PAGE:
Apple released new versions of Pages, Numbers and Keynote this week. Karen Haslam outlines the new features worth knowing about.

macOS 11.3 Big Sur will allow Mac owners to map game controller buttons to the keys of their choice. Who says Mac gaming isn't in a healthy state?

David Price explains why Apple shouldn't make an iPhone 13 mini (or listen to its customers).

Experts have noticed that the HomePod mini has a secret and currently unused sensor, prompting speculation that Apple could add new features to the smart speaker via a future software update. Or use it to spy on the world as part of a diabolical scheme (possibly).

Forget the iPhone 13: the really interesting changes will happen much further into the future. Allow Samuel Nyberg to lead you on a journey through the next 20 years of the iPhone.

An iOS developer has sued Apple over the continued presence of scam apps on the App Store, and for the use of "monopoly muscle".

Craig Grannell rounds up the best free iPhone games currently available, while David Price updates our Apple Arcade games chart to add a new number-one pick: the must-play puzzler SP!NG.

Bugs & problems

The butterfly keyboard complaints continue to roll in, and a MacBook user group is now demanding compensation. They claim Apple was aware of the problems but still continued to sell Macs with defective keyboards.

Sentinel Labs has discovered a new piece of Mac malware. It's tailored to attack iOS developers: infected Xcode projects install a backdoor in the Mac.

Serious problems have been reported with the YouTube app for Apple TV: when users try to load a video, they instead get a message that "something went wrong". Google is investigating.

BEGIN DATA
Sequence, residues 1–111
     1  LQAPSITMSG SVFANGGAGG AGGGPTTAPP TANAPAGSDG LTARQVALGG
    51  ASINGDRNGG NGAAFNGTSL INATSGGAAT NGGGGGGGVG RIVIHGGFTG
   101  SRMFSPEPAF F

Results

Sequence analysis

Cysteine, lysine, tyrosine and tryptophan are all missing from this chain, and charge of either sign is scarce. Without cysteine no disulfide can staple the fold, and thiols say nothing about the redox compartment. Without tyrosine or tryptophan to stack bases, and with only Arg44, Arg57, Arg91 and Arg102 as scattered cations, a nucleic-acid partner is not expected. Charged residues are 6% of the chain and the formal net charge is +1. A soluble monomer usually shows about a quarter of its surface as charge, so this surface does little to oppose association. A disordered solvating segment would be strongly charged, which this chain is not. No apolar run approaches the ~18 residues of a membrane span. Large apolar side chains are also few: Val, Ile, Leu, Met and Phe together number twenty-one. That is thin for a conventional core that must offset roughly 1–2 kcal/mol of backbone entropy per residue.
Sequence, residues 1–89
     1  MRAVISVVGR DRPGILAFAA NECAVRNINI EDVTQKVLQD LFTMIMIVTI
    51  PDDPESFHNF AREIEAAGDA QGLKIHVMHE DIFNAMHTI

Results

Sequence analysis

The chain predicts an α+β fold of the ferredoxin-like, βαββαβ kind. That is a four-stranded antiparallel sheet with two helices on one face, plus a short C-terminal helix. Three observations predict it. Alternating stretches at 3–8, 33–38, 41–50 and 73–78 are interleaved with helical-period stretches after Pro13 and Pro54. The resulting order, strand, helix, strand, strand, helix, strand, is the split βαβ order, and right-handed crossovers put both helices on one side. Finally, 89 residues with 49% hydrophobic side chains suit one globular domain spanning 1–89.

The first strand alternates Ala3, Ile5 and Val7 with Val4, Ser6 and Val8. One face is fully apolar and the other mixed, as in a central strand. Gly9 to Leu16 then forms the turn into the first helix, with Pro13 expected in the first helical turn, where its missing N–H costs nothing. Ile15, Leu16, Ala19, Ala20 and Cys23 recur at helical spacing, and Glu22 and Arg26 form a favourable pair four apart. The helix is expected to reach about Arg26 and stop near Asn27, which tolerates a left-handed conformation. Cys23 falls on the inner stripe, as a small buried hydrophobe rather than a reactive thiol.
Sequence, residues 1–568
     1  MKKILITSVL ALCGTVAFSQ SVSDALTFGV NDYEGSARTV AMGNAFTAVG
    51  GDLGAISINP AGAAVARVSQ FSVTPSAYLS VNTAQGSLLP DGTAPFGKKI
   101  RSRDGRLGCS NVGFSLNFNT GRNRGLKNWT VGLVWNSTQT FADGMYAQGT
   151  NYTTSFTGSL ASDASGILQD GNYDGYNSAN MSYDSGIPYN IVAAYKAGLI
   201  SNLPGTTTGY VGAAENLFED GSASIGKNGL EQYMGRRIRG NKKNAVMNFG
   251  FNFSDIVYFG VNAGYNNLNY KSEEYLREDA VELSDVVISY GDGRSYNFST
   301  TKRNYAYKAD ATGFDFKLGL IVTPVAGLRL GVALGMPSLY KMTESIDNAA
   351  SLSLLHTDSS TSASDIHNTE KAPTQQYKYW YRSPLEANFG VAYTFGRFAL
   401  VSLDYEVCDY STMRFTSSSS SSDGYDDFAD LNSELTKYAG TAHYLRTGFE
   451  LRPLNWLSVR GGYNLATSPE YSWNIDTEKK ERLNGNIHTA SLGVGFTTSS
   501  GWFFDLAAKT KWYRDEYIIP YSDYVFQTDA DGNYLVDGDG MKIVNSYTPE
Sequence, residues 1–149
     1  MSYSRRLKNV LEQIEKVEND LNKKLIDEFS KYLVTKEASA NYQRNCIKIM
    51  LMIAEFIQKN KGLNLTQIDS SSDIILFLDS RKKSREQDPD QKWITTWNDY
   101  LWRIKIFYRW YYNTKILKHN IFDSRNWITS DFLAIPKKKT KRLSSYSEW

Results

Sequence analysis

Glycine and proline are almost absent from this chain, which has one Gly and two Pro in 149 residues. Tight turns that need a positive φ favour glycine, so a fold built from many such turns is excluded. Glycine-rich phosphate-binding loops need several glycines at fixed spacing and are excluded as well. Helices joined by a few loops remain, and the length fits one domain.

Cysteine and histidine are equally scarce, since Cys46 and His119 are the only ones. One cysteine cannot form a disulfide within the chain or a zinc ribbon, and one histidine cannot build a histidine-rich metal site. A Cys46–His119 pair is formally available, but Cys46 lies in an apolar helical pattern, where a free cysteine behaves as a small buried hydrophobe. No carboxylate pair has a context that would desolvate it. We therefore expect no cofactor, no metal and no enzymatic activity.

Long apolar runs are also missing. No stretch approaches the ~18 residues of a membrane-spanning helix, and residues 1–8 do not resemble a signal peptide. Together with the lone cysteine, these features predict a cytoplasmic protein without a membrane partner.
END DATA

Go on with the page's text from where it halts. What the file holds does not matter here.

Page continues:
The rumour mill

With six months to go before Apple announces the iPhone 13, the main point of contention concerns the notch. Will it stay, will it go, or will it just get a bit smaller? A leaked photo this week suggests the notch will get smaller.

iPhone 13 with smaller notch - leaked photo from MacRumors

If you're wondering where we got that 'six months' figure, an analyst has predicted the iPhone 13 will go on sale at the end of September.

Apple has officially removed two iMac configurations from its store, stoking speculation about an imminent update.

The Apple Watch Series 7 may have a new rugged option for extreme users.

Apple's VR headset will be lighter than the competition, according to Ming-Chi Kuo. The renowned analyst says it will not weigh more than 150g.

The AirPods range is due for an update - the standard models, remember, are now a full two years old. We had been hopeful of new models in April, but sources now say we'll have to wait until the autumn.

Patent activity suggests a future Apple Watch could have a flexible screen that wraps around the user's wrist.

The next HomePod could have a screen and a camera.

Next month could be really big for Apple. Here are all the new Apple products we expect to launch in April 2021.

And that's it for this week. Stay Appley!